A local science teacher in Burke County Public Schools soon will be embarking on a cool scientific journey to Antarctica that he plans to use as a learning tool for his students.
Keith Smith, who works at Freedom High School teaching students about the field of science, will be delving into the subject himself on a whole other continent in May during a research internship.
Smith will be traveling to Anvers Island, Antarctica, with Dr. Charles D. Amsler, a biology professor at the University of Alabama at Birmingham and Polar TREC, a program that recruits teachers to participate in “hands-on field research experiences in the polar regions.” He will be assisting scientific research that is being sponsored by the National Science Foundation.
The research will include conducting bioassays on a snail species found in Antarctica, seaweed and the amphipods (tiny shrimp-like crustaceans) that are found on them.
“Bioassay is where you see if they (snails or other amphipods) like to eat the compound that they extracted from the seaweed,” Smith said. “You extract it and you put it into a jelly that you know that the snail or amphipod already likes to eat.”
They are looking for patterns in their research and if those patterns are affected by the environment, Amsler said.
“Is there a mutual relationship between the snail species and the seaweed species? ” Smith said. “That would be the boiled down hypothesis.”
The research is being conducted in Antarctica because of what is already known about the organisms they are working with.
“In this case, it is what we know about these organisms,” Amsler said. “This is an important question of what drives these organisms to invest in these different kinds of chemical compounds that is applicable all over the world and not just in marine environments.”
“If we want to understand the Antarctic communities, we need to understand this,” Amsler said.
They hope to answer questions and test multiple hypothesis about the scientific reactions from the bioassays.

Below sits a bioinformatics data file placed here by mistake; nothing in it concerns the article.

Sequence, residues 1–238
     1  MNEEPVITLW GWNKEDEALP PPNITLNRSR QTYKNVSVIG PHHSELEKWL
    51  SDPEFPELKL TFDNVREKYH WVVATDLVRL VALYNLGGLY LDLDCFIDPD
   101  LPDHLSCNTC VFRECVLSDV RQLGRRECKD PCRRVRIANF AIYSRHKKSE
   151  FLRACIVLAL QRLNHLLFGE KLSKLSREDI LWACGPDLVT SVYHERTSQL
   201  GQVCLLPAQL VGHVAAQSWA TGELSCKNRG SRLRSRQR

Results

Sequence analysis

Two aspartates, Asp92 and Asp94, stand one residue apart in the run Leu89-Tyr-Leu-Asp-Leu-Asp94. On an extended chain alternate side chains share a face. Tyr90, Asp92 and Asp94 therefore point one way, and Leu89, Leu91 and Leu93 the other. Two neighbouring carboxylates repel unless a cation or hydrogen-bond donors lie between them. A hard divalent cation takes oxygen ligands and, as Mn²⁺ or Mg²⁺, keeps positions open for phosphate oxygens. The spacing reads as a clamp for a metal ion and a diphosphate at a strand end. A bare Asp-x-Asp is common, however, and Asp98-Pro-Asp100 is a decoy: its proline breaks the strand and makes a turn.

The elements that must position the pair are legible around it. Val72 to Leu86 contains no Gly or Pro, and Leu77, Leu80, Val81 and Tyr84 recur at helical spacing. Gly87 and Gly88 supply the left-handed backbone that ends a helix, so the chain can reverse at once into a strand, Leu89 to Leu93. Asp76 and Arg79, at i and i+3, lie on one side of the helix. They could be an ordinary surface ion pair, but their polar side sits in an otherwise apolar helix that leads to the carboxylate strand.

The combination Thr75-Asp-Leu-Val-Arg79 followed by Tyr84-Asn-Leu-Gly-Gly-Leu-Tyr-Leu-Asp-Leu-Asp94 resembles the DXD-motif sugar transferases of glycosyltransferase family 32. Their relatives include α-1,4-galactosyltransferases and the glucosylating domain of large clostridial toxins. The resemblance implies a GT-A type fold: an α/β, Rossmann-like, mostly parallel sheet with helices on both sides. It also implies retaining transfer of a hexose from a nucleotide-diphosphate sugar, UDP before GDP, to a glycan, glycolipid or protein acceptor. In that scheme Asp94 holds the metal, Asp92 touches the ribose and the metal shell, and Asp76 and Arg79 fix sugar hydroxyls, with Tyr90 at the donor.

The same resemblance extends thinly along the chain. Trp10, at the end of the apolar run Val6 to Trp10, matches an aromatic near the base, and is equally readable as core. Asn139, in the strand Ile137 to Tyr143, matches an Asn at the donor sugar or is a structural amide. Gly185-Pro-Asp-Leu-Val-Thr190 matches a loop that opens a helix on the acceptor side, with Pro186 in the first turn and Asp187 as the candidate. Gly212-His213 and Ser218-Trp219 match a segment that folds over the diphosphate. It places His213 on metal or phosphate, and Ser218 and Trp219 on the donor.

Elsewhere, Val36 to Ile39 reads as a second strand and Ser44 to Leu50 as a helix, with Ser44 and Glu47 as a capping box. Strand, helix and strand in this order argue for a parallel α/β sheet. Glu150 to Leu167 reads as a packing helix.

“Our data will answer the questions, they will support or refute the hypothesis and we will report those in scientific literature and peer-reviewed publications,” Amsler said. “It all gets written up and we submit it to scholarly journals.”
Smith will be helping to “dive tend” during his internship, where he helps divers put on their scuba diving gear and equipment before they submerge themselves 130 feet or less below the water to collect research.
Each year, about 10 teachers are chosen, Amsler said.
Smith was the only one chosen for the trip to Antarctica in May. He will be on the expedition for approximately a month.
“I like to travel and I have always wanted to go to Antarctica,” Smith said.
He is looking forward to being a part of a research team and getting hands-on experience.
“Just to get my hands back and dirty into the real process of science is what I am looking forward to,” Smith said.
With the understanding that getting school groups to Antarctica is far reaching, Polar TREC chooses teachers who can take that experience back into the classroom.
The program wants to be able to convey the kinds of discoveries and experiences that researchers have to the community through teachers throughout the country, Amsler said.
Smith will have the ability to do audio conferencing with his students during his internship to share with them all the research he is completing. He also will be writing a blog.
“Science is not just a bunch of facts in a text book that you would even learn at an introductory course at a university,” Amsler said. “Science is a process and a way of discovering those things and learning about the world.’
In classrooms, students learn about the product of science, but are not able to see the process unless they go out in the field or to a laboratory, he said.
“Getting the teachers involved in the process of science is a way to vicariously involve their students in the process,” Amsler said.
Once Smith is back from his trip, he will show his students how a bioassay is conducted and the data he collected.
“They don’t really have an idea of what it looks like in the field,” Smith said. “It will be a great opportunity for me to bring back pictures and data.”
The island where Smith and the Polar TREC team will be has a maximum population of 44 people, Amsler said.
“You are living in a dorm and sharing a room (with) a bathroom down the hall,” Amsler said. “We have wonderful chefs preparing your meals because food is important for morale.”
Temperature wise, they will be north of the Antarctic Circle on a peninsula, so the climate is heavily determined by the ocean, Amsler said.
“By the time Keith gets there … it will be below freezing pretty much all the time, but won’t be below zero Fahrenheit,” he said. “It will be low 20s maybe single digits on a cold day.
Days will be short with approximately four hours of direct sun, Amsler said.
For more information about Polar TREC, visit www.polartrec.com.
Staff Writer Jonelle Bobak can be reached at email@example.com or 828-432-8907.
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